Multidisciplinary Team Considerations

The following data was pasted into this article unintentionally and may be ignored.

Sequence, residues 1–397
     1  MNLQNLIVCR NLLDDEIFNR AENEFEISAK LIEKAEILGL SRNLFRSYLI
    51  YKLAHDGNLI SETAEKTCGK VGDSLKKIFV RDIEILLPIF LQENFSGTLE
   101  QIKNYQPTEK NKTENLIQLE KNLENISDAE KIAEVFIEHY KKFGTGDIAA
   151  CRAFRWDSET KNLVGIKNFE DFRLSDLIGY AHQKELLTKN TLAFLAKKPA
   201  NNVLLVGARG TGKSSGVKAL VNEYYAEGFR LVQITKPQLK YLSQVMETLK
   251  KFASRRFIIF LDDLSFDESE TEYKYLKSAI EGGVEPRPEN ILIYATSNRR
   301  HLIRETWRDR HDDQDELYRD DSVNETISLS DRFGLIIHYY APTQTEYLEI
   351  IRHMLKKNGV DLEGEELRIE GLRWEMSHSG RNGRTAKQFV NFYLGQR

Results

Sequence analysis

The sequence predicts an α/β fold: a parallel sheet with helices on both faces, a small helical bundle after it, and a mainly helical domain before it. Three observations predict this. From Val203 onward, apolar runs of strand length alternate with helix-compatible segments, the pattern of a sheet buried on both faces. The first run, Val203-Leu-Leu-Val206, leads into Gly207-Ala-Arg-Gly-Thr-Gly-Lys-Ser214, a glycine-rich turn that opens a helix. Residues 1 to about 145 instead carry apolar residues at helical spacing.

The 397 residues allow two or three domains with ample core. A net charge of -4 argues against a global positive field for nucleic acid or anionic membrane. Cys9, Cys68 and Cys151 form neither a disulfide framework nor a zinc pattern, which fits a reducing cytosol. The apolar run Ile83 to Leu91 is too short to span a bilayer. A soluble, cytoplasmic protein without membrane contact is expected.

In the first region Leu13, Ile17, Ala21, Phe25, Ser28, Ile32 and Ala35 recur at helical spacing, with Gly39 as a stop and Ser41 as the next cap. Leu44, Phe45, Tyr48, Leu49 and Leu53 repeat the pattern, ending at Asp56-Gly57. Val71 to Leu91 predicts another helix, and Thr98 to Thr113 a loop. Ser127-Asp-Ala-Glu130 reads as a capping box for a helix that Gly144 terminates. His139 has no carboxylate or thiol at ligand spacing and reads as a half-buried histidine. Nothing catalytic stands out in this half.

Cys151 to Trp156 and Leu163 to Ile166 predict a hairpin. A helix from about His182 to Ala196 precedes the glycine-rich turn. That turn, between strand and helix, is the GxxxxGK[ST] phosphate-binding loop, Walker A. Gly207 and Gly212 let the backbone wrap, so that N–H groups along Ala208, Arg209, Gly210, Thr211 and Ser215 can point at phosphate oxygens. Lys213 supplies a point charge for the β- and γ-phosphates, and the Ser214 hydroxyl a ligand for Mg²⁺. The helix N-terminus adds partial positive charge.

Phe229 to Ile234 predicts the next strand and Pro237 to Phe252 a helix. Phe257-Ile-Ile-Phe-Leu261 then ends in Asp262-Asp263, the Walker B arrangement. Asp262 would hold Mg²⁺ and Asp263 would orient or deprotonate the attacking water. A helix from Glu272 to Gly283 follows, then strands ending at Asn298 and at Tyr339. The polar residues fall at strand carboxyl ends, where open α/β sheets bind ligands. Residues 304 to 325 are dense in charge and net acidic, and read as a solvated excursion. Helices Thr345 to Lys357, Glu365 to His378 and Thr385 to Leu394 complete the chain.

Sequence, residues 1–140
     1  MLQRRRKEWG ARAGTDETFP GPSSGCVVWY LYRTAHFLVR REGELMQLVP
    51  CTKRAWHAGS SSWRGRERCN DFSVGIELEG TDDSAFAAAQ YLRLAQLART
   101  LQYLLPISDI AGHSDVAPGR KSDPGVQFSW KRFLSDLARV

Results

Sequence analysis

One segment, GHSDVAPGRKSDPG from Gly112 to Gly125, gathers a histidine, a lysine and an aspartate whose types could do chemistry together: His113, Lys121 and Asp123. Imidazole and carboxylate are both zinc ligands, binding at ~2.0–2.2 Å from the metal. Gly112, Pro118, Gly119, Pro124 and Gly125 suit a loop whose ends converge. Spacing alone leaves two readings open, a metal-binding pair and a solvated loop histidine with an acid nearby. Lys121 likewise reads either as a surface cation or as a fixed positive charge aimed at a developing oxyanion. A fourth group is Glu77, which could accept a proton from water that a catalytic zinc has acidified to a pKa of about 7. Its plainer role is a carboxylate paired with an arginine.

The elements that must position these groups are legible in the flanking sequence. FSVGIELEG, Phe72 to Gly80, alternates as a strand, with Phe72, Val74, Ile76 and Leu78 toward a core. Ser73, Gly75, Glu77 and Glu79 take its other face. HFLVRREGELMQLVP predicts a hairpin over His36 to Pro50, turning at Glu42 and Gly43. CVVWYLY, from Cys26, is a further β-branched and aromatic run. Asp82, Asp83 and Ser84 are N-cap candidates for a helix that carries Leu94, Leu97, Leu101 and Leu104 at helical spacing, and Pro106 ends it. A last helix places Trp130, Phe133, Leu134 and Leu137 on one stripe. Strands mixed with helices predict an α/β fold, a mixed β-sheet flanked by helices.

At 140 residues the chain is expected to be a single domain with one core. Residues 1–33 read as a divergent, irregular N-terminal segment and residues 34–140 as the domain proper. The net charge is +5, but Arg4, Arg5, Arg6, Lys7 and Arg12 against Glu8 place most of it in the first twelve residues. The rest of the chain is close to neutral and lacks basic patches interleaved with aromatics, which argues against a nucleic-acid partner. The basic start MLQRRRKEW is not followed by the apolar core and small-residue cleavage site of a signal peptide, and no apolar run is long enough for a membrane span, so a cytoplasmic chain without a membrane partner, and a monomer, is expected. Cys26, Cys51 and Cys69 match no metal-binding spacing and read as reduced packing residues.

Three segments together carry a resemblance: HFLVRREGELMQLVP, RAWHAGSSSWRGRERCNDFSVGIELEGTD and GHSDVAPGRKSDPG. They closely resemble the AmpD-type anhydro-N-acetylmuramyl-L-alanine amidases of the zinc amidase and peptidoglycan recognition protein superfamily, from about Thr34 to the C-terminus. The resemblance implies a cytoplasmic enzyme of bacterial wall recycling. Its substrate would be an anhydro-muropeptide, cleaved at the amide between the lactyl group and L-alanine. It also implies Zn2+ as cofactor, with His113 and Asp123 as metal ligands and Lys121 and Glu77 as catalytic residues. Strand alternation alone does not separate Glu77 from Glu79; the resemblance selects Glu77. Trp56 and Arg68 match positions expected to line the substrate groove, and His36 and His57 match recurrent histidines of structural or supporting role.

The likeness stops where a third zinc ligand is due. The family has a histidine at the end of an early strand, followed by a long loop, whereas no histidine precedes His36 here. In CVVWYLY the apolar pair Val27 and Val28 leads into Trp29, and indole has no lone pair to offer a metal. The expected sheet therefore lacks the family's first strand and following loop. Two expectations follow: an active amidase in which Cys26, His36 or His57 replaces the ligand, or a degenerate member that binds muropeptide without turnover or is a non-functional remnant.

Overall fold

Working with patients following tracheostomy and with mechanical ventilation takes a multidisciplinary team (MDT) approach to ascertain that the needs of the patient are well met. Because of the complex nature of working with these patients, having the involvement of different disciplines provides perspective on various aspects of care. Typically, these patients are followed by both the respiratory therapist (RT) and the speech-language pathologist (SLP). However, many other healthcare professionals should be involved with the patient following tracheostomy and with use of the Passy Muir® Valve. To initiate an MDT approach, it takes multiple healthcare professionals, including the physician, nursing, dieticians, physical therapists, occupational therapists, and the patient at the center of it all. In a study conducted by Fröhlich, Boksberger, Barfuss-Schneider, Liem, & Petry (2017), they investigated best practice for early intervention with use of the Passy Muir Valve as a standard of care in the ICU following tracheostomy and mechanical ventilation. Their findings demonstrated that patients improved with voicing and swallowing more quickly than those without MDT intervention. However, since the authors were able to follow the patients over a period of time that included up to 51 trials with the PMV ®, they also reported how the implementation of a team approach had a positive impact on the potential for adverse events, with none occurring. The researchers attributed this to the multidisciplinary team approach and suggested the findings support the idea that two professionals should be at the bedside to provide assessment and intervention with the PMV in-line with mechanical ventilation. Santos, Harper, Gandy, & Buchanan (2018) also investigated the impact of team management on the post-tracheostomy care of patients. Their findings concur with Frohlich, et al (2017) and suggest that having the involvement of an MDT allows the patient to progress faster in multiple areas. The parameters addressed in their study were time in the ICU, total hospital days, days to Valve use, days to verbal communication, oral intake, and decannulation. The group receiving team management were found to have improved care in all areas measured. Patients who received the Valve with the MDT did so earlier in their care and had restored voicing, communication, and the ability to participate in their care. The positive impact of an MDT on the care of patients and the ability to achieve earlier voicing cannot be overstated in its clinical significance.